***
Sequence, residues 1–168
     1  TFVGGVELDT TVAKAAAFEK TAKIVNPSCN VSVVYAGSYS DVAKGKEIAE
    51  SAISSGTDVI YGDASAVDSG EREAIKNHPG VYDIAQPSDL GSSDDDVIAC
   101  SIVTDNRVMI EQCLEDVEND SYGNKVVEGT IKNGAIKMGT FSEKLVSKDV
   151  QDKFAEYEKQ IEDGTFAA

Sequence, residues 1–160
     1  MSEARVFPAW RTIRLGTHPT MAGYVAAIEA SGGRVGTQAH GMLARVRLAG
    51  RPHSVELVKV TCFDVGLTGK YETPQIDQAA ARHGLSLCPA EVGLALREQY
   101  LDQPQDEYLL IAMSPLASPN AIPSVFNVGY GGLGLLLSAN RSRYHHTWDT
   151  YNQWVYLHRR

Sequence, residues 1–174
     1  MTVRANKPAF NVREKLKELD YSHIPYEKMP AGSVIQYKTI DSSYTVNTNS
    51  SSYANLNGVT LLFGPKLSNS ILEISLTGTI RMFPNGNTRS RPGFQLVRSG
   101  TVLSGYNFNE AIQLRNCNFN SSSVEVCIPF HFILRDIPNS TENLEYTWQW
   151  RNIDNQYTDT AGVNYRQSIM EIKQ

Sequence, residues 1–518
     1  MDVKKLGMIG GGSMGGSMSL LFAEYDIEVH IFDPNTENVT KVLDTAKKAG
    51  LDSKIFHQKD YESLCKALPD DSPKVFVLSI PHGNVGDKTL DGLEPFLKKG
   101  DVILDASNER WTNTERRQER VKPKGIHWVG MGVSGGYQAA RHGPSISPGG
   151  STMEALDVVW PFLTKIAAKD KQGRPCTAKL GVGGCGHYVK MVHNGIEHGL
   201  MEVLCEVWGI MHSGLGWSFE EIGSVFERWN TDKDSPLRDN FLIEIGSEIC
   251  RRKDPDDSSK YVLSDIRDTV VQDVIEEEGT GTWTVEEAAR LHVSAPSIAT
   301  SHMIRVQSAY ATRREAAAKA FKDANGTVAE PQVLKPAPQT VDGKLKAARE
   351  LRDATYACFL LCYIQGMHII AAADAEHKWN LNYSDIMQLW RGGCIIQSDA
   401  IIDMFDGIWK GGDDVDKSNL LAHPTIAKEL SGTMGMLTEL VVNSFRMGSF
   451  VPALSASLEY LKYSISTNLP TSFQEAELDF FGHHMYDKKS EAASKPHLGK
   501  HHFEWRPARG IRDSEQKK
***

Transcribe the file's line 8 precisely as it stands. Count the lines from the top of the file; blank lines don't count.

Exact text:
    51  RPHSVELVKV TCFDVGLTGK YETPQIDQAA ARHGLSLCPA EVGLALREQY